Run Long Run Strong Endurance Coaching, LLC

Do you have a Casper the (not so friendly) Ghost?

12 Dec

You have an athlete you’ve been working with for a while now.  They’ve not always been the most consistent, but they usually get most of their workouts done.  Each week, you email or text to check in and you get a response 70% of the time.

Fast forward a few weeks, and now the athlete is barely doing workouts and your emails and texts go unanswered.  Then, soon after, even the workouts stop getting done.  You wonder what’s going on when the answer hits you.  You’ve been ghosted.

You look back over your communications with the athlete, searching for signs of what went wrong.  You scour workout histories and race results.  In the end you are still left scratching your head and wondering if you could have done something different, and not only have you lost an athlete, but your self-confidence probably took a hit, too.

The truth is, chances are that you did nothing wrong and neither did your athlete – at least from a coaching standpoint.  Oftentimes the problem begins before you even sign the athlete on.  There are a few things you can do to hopefully avoid circumstances that allow for ghosting to happen.

It starts with the initial contact.  Whatever method you use to fill your athlete pipeline, you can have multiple points at which you can use effective interviewing questions to gather information and create an athlete profile.

Have a few key intake questions attached to your contact form or scheduler that the athlete has to fill out before confirming an initial consult.  Ask things that are absolute deal-breakers for you. Questions that clearly reveal a discrepancy in philosophy or show that this may not be a good athlete/coach relationship could save you trouble down the road.  Based on the athlete’s answers, you can either do some follow-up questioning to dig a little deeper or send a respectful reply in which you explain that your roster is currently full, and you are not taking new athletes at this time.  Be sure to have a network of coaches that you can refer them to so you can end the communication on a positive note.

If an athlete answers the initial questions and you determine that the relationship might be a good fit, go ahead and book that consultation.  It is during this consult call that you will have another opportunity to ask questions.  It is important for you to understand that you are interviewing the athlete, not the other way around!  It is YOUR business, and you determine who you work with.

When interviewing an athlete be sure to ask them how much they value communication and what their preferred method of contact is.  Also ask what he or she thinks a coach does, what they expect from a coach, and what he or she thinks you will expect from them as an athlete.  Questioning like this will help you establish a good foundation with an athlete and will also point out some red flag behavior.

Finally, have a clause in your athlete/coach contract that clearly states what you consider ghosting to be in terms of communication and getting workouts done and what the consequences of those actions (or inactions) are.  Be sure to stress to the athlete to read the entire contract before signing it.  You can also add spots for the athlete to initial (next to the points of the contract that might get “skimmed”) so you can later point out to them that he or she agreed to these points if the need arises.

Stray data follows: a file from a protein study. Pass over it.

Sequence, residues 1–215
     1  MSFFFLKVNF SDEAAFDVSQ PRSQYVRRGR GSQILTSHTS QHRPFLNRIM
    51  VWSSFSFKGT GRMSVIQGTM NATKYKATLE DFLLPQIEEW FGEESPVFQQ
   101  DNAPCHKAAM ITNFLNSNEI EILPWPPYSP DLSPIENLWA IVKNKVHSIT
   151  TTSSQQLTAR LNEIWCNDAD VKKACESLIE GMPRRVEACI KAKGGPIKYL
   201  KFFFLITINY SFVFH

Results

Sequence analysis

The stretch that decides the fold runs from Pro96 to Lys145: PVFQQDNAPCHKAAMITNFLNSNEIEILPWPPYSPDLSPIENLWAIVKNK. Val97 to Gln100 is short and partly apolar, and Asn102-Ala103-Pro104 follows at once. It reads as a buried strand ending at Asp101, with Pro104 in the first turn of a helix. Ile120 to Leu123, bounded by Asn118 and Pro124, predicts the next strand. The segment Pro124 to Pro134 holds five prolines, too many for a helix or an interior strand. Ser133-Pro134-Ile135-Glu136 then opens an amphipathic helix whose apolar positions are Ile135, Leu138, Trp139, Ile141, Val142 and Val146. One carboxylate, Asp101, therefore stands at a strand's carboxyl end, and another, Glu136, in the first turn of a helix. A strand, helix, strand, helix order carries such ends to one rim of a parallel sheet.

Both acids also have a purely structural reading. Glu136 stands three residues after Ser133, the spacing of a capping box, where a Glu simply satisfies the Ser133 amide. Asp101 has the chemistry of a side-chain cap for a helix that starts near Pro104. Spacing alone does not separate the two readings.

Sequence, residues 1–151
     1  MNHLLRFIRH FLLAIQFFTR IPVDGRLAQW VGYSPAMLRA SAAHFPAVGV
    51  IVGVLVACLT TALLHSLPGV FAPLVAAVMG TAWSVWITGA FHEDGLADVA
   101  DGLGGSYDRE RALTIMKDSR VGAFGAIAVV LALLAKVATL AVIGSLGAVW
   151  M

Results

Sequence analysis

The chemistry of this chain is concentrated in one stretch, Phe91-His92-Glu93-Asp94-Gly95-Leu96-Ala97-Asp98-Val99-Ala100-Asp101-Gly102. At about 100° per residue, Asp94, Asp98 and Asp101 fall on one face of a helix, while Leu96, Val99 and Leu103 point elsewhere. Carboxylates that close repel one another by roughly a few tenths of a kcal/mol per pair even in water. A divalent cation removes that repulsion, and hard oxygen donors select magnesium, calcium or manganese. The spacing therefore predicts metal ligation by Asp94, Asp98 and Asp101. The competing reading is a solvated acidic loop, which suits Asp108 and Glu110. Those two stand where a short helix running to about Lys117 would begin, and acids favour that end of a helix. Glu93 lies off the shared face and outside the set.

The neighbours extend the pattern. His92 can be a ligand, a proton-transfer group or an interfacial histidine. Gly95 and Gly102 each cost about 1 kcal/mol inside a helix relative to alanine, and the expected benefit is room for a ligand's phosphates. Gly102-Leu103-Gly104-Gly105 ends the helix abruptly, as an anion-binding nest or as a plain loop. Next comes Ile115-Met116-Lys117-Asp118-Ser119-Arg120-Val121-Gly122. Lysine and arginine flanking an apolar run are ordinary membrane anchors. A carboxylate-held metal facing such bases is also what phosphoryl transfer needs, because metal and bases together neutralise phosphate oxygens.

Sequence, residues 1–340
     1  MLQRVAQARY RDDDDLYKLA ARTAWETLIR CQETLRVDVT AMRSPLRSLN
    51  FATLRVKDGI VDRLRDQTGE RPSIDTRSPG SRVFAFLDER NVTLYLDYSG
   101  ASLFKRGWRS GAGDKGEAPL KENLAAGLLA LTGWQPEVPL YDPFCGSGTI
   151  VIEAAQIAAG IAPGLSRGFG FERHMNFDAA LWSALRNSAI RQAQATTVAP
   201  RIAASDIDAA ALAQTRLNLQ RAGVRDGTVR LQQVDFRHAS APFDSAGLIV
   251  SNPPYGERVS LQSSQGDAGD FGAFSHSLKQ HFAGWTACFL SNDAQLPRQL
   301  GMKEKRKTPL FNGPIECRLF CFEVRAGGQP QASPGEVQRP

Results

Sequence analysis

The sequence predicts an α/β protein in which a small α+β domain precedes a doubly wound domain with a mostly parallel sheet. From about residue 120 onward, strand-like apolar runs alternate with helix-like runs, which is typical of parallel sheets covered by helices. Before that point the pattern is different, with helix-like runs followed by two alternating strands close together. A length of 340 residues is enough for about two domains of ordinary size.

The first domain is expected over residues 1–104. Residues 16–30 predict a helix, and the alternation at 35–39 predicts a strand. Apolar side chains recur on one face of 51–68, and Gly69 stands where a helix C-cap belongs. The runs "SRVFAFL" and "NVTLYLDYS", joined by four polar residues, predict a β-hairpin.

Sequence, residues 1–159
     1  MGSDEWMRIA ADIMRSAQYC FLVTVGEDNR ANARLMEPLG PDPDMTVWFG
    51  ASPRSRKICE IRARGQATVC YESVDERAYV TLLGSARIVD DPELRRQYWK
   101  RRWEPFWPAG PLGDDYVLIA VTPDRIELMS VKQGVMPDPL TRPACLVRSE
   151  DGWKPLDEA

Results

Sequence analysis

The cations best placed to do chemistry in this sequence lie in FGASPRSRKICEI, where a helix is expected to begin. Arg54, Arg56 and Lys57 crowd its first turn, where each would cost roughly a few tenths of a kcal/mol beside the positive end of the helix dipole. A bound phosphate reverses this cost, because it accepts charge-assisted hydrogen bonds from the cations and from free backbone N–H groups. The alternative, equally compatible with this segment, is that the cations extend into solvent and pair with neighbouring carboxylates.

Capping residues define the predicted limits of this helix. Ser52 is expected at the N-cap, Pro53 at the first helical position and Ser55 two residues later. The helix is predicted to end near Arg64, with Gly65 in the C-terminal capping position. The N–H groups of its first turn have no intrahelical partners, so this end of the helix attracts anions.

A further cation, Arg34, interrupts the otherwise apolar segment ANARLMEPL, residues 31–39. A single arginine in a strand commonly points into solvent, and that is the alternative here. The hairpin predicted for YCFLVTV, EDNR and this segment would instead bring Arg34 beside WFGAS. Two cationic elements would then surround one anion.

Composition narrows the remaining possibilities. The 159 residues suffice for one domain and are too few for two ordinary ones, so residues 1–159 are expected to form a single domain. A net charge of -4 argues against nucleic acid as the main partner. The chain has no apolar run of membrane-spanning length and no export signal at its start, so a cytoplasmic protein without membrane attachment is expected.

Ok, so you’ve done all your questioning and the athlete has signed the contract, and you determine you are going to start working together.  A few months down the road you begin to see early signs of ghosting behavior.  What can you do to mitigate the situation before you have to enforce the contract clause?

If the athlete is still communicating with you at all, you can use some motivational interviewing to see if you can figure out what is causing the ghosting behavior.  Does he or she have family issues going on that is preventing workout compliance?  Could he or she be sick, injured, or burned out?  Have the goals changed?  Does the athlete just not want to run anymore?

Use the answers as a guide to change the plan going forward, or to gently end the working relationship if that is what the athlete needs.  Try not to take anything personally – life is organic and dynamic and sometimes things happen that require the athlete to redirect his or her attention and focus less on running.

If all communication from the athlete has ceased yet they are still doing their prescribed workouts, you will have to decide whether or not to keep them on your roster.  While your job as a coach is to provide your athletes with workouts tailored to get them fit and ready for their goal races, it can be very difficult to assess progress and recovery without their input.

If communication has ceased AND the athlete is not compliant in his or her workouts, then it might be time to enforce the contract.  If you need to take this action, be sure to outline in your final email any attempts by you to contact them, note the prescribed versus missed workouts, and state your intention to terminate the contract (include the exact date and remind them of the contract clause regarding ghosting).

Every coach hopes to avoid encountering a ghost athlete, but the reality is that we will all most likely have at least one during our coaching careers.  Use these tips to refine your athlete on-boarding and remember that each athlete, from the 100% compliant to the ones that disappear, will teach us something about ourselves and our methods.  Find the positive in each relationship, and you will become a better coach and a better person.

Happy coaching!!

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